Ironically Fr Lokodo, one of the greatest human rights abusers who persecuted LGBTQI Ugandans was a member of the Uganda Human Rights Commission (UHRC) and in commission of this work died Saturday morning in Geneva, Switzerland, according to a statement from the rights body.

The LGBTQI world will not be mourning this man’s death, noting he is probably directly and indirectly responsible for much violence and resulting death to innocent Ugandans.

Melanie Nathan of African Human Rights Coalition notes: “Simon Lokodo, a former priest, promoted the horrific Anti-Homosexuality Act of 2014, also known as THE KILL THE GAYS BILL, in Uganda. He hid his human rights abuses behind his title of MINISTER of ETHICS and INTEGRITY, between 2011 and June 2021 when he was dropped from cabinet. Two months…

View original post 298 more words


Published January 30, 2022 by Nan Mykel

Keith Wilson (musingsofanoldfart) refers us thusly to :  an interesting post by a minister named John Pavlovitz. He has one of the best blogs on religion and everyday life. Keith

“if Conservatives are going to declare a holy war on writings that are somehow dangerous to young minds or potentially harmful to society, they’re going to need to reckon with the true and full legacy of the Christian Scriptures: the inhumanity, violence, and sexual immorality that accompany the teachings of mercy, compassion, and justice.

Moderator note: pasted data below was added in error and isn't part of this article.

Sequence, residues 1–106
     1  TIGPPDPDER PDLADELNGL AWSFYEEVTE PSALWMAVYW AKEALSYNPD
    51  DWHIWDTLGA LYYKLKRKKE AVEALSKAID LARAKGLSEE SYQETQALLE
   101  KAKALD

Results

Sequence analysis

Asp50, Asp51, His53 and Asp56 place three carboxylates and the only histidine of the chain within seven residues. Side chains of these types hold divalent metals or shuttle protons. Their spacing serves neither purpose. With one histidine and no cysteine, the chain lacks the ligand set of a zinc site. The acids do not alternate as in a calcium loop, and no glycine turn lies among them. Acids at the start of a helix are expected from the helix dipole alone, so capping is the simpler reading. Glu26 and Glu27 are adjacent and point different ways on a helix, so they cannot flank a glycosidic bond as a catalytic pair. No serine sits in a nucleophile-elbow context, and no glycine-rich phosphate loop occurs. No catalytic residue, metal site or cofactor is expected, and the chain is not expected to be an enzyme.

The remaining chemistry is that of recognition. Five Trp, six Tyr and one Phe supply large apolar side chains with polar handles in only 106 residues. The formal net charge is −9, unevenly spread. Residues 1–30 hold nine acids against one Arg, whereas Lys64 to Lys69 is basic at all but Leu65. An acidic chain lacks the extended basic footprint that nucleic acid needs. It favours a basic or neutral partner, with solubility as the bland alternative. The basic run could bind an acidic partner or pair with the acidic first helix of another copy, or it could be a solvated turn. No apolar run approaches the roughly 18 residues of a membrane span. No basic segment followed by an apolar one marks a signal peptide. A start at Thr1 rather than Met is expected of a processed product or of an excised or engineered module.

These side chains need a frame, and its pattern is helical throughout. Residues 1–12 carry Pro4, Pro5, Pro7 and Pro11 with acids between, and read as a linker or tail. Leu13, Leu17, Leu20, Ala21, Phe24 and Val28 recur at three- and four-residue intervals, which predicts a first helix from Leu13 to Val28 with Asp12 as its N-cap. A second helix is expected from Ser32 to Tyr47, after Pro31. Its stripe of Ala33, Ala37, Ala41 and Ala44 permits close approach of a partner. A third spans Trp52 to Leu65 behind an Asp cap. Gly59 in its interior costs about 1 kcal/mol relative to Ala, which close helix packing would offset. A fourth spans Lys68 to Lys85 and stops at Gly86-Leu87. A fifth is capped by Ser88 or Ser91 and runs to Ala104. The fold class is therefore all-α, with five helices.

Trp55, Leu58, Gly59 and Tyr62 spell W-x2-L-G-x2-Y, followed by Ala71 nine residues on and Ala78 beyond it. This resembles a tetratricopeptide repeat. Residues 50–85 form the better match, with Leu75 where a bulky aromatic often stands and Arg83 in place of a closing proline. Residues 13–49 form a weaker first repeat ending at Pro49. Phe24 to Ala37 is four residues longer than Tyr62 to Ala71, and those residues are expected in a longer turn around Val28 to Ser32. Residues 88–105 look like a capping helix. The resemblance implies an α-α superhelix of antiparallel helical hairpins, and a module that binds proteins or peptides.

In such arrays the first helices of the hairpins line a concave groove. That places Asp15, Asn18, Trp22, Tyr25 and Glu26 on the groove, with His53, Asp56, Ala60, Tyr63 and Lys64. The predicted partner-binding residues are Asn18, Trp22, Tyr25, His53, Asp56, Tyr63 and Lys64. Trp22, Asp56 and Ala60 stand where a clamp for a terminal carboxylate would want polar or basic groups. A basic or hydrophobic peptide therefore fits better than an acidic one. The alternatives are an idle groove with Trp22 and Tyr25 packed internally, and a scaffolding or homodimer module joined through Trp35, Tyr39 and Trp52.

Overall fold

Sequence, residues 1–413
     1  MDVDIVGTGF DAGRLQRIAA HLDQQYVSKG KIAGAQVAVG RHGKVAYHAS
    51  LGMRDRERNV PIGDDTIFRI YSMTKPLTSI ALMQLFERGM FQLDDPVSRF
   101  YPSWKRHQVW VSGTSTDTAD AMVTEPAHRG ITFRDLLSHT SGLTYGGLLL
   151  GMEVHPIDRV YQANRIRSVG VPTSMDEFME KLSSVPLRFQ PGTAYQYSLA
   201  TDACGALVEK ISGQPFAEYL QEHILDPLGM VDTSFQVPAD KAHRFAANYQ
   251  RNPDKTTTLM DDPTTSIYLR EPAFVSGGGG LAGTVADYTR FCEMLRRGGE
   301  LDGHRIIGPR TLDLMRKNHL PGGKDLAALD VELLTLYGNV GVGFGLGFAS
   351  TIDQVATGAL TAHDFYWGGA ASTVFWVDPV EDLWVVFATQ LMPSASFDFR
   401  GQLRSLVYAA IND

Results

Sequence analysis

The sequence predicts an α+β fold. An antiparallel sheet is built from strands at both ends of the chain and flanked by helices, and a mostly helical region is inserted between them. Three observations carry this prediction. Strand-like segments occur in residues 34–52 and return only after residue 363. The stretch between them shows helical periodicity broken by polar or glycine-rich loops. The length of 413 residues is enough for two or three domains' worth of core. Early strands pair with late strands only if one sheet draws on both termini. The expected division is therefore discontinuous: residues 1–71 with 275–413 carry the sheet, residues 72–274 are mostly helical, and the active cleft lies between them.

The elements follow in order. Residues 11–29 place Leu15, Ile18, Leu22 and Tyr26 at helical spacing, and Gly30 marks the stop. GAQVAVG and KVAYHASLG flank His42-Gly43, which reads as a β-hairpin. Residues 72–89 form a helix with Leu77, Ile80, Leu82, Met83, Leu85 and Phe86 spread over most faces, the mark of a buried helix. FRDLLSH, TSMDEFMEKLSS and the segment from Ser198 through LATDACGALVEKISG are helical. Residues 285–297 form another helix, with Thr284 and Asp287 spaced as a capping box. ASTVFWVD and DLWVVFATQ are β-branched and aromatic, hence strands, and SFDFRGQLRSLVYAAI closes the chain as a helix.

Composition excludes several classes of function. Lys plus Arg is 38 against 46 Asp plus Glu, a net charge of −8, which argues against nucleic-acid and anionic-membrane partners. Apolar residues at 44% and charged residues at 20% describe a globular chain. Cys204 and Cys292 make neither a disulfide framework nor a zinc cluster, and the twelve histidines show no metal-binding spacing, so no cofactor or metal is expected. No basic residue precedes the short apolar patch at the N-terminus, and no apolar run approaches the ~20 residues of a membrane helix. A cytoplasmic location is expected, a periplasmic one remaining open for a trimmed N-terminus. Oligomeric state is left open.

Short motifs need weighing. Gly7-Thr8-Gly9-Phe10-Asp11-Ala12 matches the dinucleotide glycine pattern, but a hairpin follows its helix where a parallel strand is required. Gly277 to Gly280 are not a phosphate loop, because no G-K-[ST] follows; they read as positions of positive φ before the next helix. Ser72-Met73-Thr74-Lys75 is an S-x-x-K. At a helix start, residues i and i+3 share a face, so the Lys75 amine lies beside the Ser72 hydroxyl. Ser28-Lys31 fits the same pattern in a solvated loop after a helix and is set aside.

“They’re going to need to be honest about its patriarchs with hundreds of wives and concubines, with unpunished sexual assault, with the slaughtering of entire cities in the name of God, with thousands of words used since its distribution to perpetuate bigotry and intolerance….”

and much more, on Rev. John’s site…Thanks for the referral, Keith…

Book Banning

Published January 29, 2022 by Nan Mykel

Will public libraries be targeted next for book banning?  Even the thought is reprehensible.

Mississippi mayor withholds library funds over LGBTQ books


RIDGELAND, Miss. — The director of a Mississippi library system says a mayor is withholding $110,000 from his city’s library because LGBTQ books are on the shelves.